Carbon Dioxide Removal: Best-Practice Guidelines


( Despite needing to halve emissions by 2030 to stand a chance of limiting warming to 1.5ºC, they continue to rise. Decarbonizing industries is essential, but net zero is not enough, and natural climate solutions do not go far enough.

The world must accelerate the removal of CO2 from the atmosphere, from 2 billion to 10 billion tonnes a year by 2050. Three reasons why: to reverse the accumulation of historic emissions, to balance the hardest-to-abate emissions, and to safeguard against Earth’s feedback loops from a warmer world.

This paper examines the potential of engineered carbon dioxide removal (CDR) through biochar, bioenergy with carbon capture and storage (BECCS), direct air capture with carbon storage (DACCS) and enhanced rock weathering. The paper draws on interviews with eight “First Movers” to gain their insights into why “wait and see” is not an option and how best to navigate this nascent market. It calls on every company to make advance purchases of engineered CDR part of their wider climate strategy.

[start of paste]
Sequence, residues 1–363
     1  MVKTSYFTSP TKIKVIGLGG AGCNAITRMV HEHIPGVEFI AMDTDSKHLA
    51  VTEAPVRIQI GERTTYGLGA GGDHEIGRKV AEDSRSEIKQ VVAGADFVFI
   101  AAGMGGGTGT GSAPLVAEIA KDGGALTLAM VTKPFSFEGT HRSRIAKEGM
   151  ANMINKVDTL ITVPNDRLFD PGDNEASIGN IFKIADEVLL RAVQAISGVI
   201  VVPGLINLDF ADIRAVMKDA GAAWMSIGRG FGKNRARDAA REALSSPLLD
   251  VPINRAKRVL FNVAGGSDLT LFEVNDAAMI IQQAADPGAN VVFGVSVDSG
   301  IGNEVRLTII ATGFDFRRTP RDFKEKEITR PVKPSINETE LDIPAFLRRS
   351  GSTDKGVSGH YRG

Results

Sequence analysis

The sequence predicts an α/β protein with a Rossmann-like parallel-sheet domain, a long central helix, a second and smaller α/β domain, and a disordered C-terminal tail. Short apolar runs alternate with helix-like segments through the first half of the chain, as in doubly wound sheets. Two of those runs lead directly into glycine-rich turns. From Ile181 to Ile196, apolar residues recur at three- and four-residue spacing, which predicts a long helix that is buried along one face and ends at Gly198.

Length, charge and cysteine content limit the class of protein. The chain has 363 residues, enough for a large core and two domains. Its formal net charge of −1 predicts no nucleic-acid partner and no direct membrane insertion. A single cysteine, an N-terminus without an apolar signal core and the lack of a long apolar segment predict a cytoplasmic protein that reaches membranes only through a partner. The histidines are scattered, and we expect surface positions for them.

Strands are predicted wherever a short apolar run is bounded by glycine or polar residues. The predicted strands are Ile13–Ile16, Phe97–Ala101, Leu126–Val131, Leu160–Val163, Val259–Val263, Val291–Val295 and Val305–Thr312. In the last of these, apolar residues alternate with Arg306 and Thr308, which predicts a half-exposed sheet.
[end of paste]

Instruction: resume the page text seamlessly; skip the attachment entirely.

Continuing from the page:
4th IMO GHG study

Why should a company engage in engineered CDR now?

Corporate climate strategy: engineered CDR’s quality and scalability offers companies greater certainty in meeting climate targets and making credible claims for offsetting residual emissions. Taking a lead in engineered CDR can protect companies from accusations of greenwashing, while improving reputation and competitive edge.

Business opportunities: companies can use existing expertise to develop new CDR-related business models, including infrastructure development, equipment manufacturing, plant operations, consulting or trading CDR certificates (“removals”).

Co-benefits: can contribute to a just transition. Existing fossil fuel infrastructure (e.g. depleted oil and gas fields, pipelines, industrial clusters) can be repurposed for engineered CDR, preventing redundancies or leading to new jobs.

Leadership: the world cannot afford to “wait and see” if new CDR technologies will fall in price. Developers of engineered CDR need early adopters with offtake agreements that guarantee future revenue, enabling developers to raise money to scale up.

This white paper examines the new technologies urgently needed to deliver additional, permanent and quantifiable impacts to slash emissions.



Source: World Economic Forum




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